Leader: Private affluence, public squalor

Britain's surging rail fares inadvertently subsidise foreign governments, while austerity renders our infrastructure inadequate.

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Britain has a productivity crisis. It also has inadequate infrastructure, a governing elite wedded to failed market dogma, and a decaying public realm. In addition, average real wages are forecast by the OECD to fall by 0.7 per cent in 2018, the worst performance of any advanced economy.

While wages decline, prices are surging. Average rail fares have increased by an unacceptable 3.4 per cent and season tickets by 3.6 per cent. Since 2010, regulated train fares, which are set by the government, have risen by an average of £694 (32 per cent). An annual season ticket from Peterborough to London now costs £7,864. In Germany, by contrast, one can purchase an annual travel card for all train journeys across the national network for less than half this amount: £3,797.

In her first speech as Prime Minister, Theresa May vowed to make Britain “a country that works not for a privileged few, but for every one of us”. What a hollow boast that was.  On 2 December, Alan Milburn resigned as chair of the government’s Social Mobility Commission, citing the inaction of the May government. Another former Labour cabinet minister, Andrew Adonis, resigned over Christmas as chair of the National Infrastructure Commission. Adonis, who served with passion and imagination as transport secretary from 2009-10, also cited the failures of government, and denounced the Tories’ “indefensible” bailout of Virgin and Stagecoach, the private firms which run the East Coast Main Line. Rather than forfeiting as much as £2bn in public money, he argued, Transport Secretary Chris Grayling should have followed his example and renationalised the franchise.

Mr Adonis recognises that the public interest is not invariably served by private commerce. After its 2009 nationalisation, the East Coast Main Line cut journey times, carried more than a million extra passengers and achieved the highest customer satisfaction of any rail franchise. Free of the need to pay dividends to private shareholders, it also returned £1bn to the Treasury. But for purely ideological reasons, the Conservative-led government privatised East Coast in 2015. Mr Grayling similarly denied Transport for London – a model public service – the right to take over suburban London rail lines lest they fall into “the clutches of a Labour mayor”.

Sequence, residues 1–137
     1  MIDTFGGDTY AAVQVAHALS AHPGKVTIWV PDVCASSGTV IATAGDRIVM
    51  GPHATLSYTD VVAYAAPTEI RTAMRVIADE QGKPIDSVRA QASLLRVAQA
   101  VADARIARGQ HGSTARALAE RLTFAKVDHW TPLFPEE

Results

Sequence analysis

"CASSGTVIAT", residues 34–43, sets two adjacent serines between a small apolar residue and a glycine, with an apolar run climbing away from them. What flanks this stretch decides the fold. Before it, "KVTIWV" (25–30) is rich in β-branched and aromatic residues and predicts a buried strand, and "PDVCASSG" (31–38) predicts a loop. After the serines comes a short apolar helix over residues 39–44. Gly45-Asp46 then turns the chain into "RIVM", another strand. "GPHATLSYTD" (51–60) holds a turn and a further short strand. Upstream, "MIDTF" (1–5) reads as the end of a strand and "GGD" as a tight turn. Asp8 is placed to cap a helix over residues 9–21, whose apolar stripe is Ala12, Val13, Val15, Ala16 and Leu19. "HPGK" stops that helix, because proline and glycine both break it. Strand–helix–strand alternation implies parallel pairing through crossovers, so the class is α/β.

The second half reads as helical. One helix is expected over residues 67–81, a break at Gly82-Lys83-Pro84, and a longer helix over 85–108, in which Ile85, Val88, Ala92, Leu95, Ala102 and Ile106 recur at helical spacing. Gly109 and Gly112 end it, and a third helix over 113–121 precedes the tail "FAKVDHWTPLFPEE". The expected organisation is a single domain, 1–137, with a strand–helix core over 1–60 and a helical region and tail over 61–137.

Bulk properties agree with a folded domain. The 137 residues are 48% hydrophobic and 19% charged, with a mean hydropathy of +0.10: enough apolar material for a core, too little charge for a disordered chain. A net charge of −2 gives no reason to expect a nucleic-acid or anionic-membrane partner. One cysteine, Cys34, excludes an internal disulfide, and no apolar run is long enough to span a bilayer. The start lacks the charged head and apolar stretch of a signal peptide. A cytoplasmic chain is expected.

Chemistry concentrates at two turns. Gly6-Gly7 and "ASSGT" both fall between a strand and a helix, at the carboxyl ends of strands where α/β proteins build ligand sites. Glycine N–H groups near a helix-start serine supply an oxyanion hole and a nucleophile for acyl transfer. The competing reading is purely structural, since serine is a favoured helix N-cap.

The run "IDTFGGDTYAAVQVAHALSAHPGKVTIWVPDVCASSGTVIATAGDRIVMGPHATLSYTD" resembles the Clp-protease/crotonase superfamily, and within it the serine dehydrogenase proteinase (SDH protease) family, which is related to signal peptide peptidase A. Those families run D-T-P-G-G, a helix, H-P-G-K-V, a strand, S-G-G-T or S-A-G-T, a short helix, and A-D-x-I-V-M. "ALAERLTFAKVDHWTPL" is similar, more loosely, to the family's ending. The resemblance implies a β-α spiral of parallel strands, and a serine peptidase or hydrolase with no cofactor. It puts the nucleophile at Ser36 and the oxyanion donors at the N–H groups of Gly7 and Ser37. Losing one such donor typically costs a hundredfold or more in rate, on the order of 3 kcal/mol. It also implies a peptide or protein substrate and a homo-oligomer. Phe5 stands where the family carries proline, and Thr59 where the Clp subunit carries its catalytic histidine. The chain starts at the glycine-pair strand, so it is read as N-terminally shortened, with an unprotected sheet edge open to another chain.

Nothing better exhibits the absurdity of our economic model than the ownership of the UK’s other rail franchises. Though the British state is deemed unfit to run lines, its Dutch and German counterparts are not. The Greater Anglia, West Midlands and ScotRail franchises are majority-owned by the Dutch state company Abellio, whose dire performance has been widely criticised by passenger groups. Chiltern Railways and Northern are owned by Germany’s Deutsche Bahn. Through payments that far exceed pre-privatisation levels, British taxpayers are inadvertently subsidising foreign governments. This is an outrage.

Austerity’s social costs are visible to all in overburdened schools and hospitals, unrepaired roads, uncollected bins and closed libraries and children’s centres. And the economic and political strains imposed by Brexit are further depriving the UK of the capacity to reform a broken model.

The Iranian conundrum

These are turbulent times in Iran. A protest that began on 28 December in the country’s second-largest city, Mashhad, quickly spread to other areas. We are witnessing the biggest display of economic and political grievance in nearly a decade. At the time of writing, at least 21 people have been killed in the unrest. President Hassan Rouhani, a relative “moderate” who was re-elected in May, has urged demonstrators to avoid violence but defended their right to protest. “The requests and demands of the people should be taken note of,” he said on Twitter. But the security forces have pledged to deal more harshly with the protesters, some of whom have called for the death of the president and the supreme leader, Seyyed Ali Khamenei.

Mr Rouhani’s challenge and responsibility is to ensure no more lives are lost. Many of the protesters are young – half the population is aged under 30 – and they are disenchanted with Islamic theocracy, repression, corruption, high unemployment and rising food prices. The lifting of economic sanctions as part of the 2015 nuclear deal with foreign powers has failed to improve people’s livelihoods. Unless their voices are heard, and action is taken, there will be more bloodshed. 

This article appears in the 04 January 2018 issue of the New Statesman, Young vs Old